It has been revealed that the queen of soul, who died last month at the age of 76, had no will in place when she died.The estate is believed to be worth around $80m, and is to be split equally between her four sons in accordance with Michigan intestacy laws. Would this have been different had there have been a valid will in place?Let’s take a look at what happens in the UK when a person dies intestate (without a will):
- The courts will appoint administrators, who take responsibility for gathering in the deceased’s assets, paying all debts, and eventually distributing the estate.
- The surviving spouse may not automatically inherit everything from the deceased.
- If the deceased and their partner were not married, then the surviving partner has no absolute right to inherit any assets, though they might be able to make a claim for limited maintenance funds.
- If there are minor children in the family with no surviving guardians then they will become wards of social services while their guardianship is settled – the final decision may not match with their parents’ wishes.
- The deceased’s estate will be divided amongst the closest blood relatives first, and to increasingly further relatives if no closer family members are living. These intestacy rules do not allow the deceased to increase the benefit to any one individual, or to exclude a particular person (e.g. an estranged child) if they have not written a will.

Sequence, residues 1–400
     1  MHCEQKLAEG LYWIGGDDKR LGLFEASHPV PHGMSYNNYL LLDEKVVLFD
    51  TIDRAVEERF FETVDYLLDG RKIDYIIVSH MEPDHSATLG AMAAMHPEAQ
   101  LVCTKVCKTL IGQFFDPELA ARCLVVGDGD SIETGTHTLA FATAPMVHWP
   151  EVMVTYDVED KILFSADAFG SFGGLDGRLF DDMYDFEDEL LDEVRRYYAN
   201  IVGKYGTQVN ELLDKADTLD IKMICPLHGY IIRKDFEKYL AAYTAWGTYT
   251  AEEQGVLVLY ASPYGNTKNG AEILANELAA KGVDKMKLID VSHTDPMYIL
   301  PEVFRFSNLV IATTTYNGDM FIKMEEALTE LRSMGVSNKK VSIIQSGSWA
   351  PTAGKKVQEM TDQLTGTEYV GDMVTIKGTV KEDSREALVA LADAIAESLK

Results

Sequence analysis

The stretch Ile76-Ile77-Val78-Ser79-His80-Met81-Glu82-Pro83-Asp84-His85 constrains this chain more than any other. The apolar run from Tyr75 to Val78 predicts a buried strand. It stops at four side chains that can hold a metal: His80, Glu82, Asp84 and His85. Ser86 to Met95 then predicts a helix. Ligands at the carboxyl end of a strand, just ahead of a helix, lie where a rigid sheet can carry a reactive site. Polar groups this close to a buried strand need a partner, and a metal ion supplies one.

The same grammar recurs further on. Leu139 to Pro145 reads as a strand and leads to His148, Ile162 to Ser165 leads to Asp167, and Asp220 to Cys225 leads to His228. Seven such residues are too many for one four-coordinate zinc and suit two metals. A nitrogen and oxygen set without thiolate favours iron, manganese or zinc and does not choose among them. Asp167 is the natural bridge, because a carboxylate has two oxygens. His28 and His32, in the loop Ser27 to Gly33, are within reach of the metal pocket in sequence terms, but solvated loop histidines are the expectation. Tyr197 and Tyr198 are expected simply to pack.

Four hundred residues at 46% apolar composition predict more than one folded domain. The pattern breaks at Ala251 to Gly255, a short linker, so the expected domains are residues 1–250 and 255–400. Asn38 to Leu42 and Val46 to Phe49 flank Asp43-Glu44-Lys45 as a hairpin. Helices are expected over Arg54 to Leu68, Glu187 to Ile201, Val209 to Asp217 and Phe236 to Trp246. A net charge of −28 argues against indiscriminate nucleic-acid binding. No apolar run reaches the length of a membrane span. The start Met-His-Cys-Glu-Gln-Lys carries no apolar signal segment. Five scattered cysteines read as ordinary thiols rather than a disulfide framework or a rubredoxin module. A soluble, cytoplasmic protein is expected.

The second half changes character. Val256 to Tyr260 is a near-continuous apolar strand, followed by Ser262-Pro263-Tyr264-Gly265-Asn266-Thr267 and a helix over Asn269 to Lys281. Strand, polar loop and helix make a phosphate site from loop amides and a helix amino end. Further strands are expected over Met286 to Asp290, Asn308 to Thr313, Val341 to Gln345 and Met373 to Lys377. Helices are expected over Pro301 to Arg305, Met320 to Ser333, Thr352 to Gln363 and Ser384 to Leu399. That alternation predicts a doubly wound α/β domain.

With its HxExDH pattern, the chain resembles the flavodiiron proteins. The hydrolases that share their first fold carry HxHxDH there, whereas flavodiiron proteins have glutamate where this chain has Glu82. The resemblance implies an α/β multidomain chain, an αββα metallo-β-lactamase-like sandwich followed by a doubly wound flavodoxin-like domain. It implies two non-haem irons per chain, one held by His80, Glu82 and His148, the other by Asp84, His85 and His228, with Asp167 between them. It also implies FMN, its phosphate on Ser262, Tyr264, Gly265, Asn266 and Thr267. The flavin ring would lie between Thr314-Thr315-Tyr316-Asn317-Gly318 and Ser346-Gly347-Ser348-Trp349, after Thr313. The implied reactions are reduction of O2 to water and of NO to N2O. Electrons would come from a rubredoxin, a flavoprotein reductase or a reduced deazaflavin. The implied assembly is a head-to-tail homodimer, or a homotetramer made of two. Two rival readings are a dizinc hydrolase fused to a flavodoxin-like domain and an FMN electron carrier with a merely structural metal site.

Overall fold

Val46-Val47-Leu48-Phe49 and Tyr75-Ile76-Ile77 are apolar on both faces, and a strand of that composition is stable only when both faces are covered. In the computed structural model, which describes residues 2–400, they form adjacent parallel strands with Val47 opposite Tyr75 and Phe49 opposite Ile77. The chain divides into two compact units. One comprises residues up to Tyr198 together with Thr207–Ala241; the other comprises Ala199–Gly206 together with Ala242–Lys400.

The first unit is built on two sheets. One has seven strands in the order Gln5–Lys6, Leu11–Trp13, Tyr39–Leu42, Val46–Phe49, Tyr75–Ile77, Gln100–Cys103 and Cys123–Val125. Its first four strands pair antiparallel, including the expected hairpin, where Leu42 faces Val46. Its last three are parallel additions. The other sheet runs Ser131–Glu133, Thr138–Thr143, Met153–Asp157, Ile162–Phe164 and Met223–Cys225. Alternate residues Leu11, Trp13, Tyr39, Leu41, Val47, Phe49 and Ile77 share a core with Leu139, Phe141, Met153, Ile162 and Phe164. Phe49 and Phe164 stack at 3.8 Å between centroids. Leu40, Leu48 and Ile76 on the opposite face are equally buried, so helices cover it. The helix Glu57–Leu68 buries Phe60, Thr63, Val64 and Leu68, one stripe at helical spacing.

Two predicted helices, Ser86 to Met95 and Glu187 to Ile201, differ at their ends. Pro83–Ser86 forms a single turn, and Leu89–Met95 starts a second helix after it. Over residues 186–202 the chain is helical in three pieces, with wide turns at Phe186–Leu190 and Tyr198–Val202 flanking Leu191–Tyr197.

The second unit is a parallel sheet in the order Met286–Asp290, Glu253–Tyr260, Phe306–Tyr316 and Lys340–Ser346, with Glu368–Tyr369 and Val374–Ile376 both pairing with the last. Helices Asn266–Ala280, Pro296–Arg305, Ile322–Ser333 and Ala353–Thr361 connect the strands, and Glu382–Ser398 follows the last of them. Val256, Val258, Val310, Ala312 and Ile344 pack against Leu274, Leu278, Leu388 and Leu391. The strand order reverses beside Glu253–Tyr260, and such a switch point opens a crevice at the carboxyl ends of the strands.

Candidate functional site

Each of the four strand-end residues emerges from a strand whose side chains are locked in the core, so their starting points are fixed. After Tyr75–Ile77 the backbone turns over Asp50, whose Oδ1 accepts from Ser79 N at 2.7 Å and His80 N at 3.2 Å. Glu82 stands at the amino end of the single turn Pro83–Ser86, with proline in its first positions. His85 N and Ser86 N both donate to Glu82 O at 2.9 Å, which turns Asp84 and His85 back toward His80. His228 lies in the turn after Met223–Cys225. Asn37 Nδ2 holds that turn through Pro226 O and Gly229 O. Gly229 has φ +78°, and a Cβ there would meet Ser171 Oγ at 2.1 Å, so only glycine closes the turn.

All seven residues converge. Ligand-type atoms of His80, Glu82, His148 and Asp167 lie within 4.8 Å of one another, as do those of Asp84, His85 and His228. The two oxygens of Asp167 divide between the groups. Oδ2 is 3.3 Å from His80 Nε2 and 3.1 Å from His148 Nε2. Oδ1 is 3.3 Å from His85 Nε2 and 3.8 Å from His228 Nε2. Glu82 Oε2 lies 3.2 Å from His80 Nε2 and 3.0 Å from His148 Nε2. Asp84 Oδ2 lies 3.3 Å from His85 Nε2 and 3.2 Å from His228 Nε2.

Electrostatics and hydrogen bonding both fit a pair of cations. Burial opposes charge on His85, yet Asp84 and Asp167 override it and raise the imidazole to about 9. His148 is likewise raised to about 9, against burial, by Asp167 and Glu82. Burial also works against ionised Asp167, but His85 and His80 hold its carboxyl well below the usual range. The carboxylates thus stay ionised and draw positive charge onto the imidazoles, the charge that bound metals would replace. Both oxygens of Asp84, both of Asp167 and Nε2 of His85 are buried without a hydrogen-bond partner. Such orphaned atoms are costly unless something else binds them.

The distribution of Aretha Franklin’s estate might seem fair on the surface. Consider, however, what might happen to people who have an estranged child or children. How would the other children feel, knowing that an unsupportive or distant sibling might inherit equally with themselves? The intestacy rules do not suit all, or even many estates.
A will, on the other hand, should be a bespoke document, tailor-made to take a client’s personal and financial circumstances – as well as their wishes – into account.
Anthony Coyle at APS Legal & Associates offers specialist advice in the Maidenhead and surrounding areas. Advice not just on the right will for you but on Lasting Powers of Attorney; Trusts that can protect your estate to ensure it gets passed down to the right beneficiaries; Probate and support for executors; Will storage; Care home and Inheritance tax planning.